Tragedy leads to clarity in South Boston…and maybe citywide?

Vision Zero BostonEveryone concerned about traffic violence in Boston, which touches every part of our city, every day, day-in, and day-out, felt incredible sadness at the tragedy late last month in South Boston in which a crash on L Street between reckless drivers resulted in one of them driving onto the curb and killing a 3 year-old boy and injuring his sister. There have been similar tragedies around the city over the years, taking both the young (such as the 5-month old girl killed on Humboldt Street in Roxbury a couple of years ago) and the elderly (such as one of our own neighbors here in Roslindale in 2016) and everyone in between. For whatever reason, perhaps because with Vision Zero as the city’s adopted policy for the last several years, we all have a better collective vocabulary and understanding that these crashes constitute a form of traffic violence that degrades our public spaces and puts us all under threat every time we venture out onto our streets, this tragedy seemed to hit a particularly raw nerve.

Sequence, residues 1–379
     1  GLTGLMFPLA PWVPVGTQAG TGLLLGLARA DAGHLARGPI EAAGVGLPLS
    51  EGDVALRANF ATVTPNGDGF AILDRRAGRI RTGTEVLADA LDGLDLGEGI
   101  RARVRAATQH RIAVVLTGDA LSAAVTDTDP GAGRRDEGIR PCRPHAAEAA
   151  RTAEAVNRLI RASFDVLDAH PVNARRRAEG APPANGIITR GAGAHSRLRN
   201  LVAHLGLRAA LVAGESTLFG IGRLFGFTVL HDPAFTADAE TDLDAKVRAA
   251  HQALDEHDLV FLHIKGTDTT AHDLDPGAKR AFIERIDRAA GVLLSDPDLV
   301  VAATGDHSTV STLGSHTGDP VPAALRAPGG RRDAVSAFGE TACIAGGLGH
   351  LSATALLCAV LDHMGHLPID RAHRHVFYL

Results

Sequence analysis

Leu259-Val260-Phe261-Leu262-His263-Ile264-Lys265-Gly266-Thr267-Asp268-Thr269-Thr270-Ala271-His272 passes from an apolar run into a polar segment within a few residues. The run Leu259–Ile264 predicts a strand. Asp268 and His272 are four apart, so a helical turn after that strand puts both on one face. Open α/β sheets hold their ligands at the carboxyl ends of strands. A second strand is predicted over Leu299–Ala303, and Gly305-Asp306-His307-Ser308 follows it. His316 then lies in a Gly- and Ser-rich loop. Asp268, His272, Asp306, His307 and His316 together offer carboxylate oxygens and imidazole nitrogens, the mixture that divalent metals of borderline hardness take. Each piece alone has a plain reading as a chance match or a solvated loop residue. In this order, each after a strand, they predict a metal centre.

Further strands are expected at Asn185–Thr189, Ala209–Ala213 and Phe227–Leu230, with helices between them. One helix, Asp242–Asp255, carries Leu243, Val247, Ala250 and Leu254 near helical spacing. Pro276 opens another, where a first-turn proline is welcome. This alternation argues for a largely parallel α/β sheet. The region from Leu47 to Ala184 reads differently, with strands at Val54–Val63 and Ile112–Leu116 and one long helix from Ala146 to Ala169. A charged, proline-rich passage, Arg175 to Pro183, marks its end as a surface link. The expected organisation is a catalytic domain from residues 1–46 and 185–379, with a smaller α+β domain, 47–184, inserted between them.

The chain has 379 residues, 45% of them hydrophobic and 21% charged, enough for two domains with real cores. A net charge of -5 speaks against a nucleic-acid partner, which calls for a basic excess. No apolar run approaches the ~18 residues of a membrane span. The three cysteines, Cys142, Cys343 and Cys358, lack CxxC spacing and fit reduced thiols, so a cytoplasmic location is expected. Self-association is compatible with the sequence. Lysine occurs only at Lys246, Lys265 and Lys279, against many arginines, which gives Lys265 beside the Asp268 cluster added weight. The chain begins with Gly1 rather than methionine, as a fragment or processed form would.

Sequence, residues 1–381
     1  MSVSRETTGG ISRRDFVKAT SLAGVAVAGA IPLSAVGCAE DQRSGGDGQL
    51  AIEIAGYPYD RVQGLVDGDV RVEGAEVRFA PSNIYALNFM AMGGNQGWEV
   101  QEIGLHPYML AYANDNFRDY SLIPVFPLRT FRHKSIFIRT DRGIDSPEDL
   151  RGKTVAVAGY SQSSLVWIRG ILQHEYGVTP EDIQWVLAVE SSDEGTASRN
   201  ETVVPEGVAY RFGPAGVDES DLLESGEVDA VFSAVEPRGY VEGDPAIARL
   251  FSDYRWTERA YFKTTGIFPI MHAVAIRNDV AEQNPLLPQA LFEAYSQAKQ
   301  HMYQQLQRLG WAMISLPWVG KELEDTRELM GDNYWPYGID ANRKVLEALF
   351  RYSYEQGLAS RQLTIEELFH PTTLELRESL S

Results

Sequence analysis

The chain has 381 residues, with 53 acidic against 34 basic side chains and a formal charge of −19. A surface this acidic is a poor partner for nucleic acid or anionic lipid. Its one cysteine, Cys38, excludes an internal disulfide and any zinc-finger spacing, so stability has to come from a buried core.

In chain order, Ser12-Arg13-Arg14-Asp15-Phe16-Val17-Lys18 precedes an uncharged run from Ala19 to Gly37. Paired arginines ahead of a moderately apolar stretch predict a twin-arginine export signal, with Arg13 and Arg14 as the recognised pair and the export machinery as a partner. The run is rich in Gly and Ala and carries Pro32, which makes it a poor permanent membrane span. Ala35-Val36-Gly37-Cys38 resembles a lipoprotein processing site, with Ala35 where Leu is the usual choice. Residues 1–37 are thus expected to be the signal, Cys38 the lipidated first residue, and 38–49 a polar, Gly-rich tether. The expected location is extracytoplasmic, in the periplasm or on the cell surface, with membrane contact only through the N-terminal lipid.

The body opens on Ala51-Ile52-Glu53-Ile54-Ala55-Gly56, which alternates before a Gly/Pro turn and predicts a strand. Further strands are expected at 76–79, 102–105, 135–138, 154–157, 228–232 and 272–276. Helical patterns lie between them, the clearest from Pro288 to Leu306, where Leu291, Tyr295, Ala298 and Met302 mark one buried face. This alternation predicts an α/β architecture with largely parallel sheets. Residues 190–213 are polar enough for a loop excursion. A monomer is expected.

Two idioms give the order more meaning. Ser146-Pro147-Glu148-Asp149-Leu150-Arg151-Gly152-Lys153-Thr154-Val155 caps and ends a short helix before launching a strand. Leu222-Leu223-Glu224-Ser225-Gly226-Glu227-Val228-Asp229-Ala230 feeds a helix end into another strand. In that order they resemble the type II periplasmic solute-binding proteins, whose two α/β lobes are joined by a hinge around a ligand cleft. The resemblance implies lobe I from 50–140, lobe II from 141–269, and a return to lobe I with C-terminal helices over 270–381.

And such is that nerve that first-term District 2 City Councilor Ed Flynn has quickly stepped up his game on safe streets to a level that I think every City Councilor will have to match if they aren’t already. Go read “Flynn Recommends 12 Point Safe Streets Plan” over at Caught in Southie and then consider whether the 12 point safe streets plan he is pushing for in that neighborhood deserves to be rolled out, as quickly as humanly possible, to every street in every neighborhood of this city. Below, I have converted the 12 points he raised to a generic list that could be applied anywhere:

  1. A complete traffic study of ________________ and all high traffic roads. [NOTE: This works only if it’s done in the background while proven traffic calming measures are advanced right away, and isn’t ultimately used as a way to force more vehicular traffic through the neighborhoods at higher speeds.]
  2. Reducing the speed limit to 20 MPH throughout all of ____________. [NOTE: Exactly. The recent shift to 25 mph was a compromise. We really should be at 20 mph.]
  3. Speed humps (permanent or temporary to move for plows) and raised crosswalks along _________ and other high traffic roads, near parks and recreation centers where children and seniors gather. [NOTE: Speed humps should be permanent wherever they go. I continue not to see why plowing in Boston is different than the many other snow belt places in North America and really anywhere else that already have speed humps and raised crosswalks.]
  4. 4-way stop signs along _________ and relevant locations throughout ________.
  5. Additional posting of Speed Board Signs on high traffic roads throughout _________ for feedback to reduce speeds.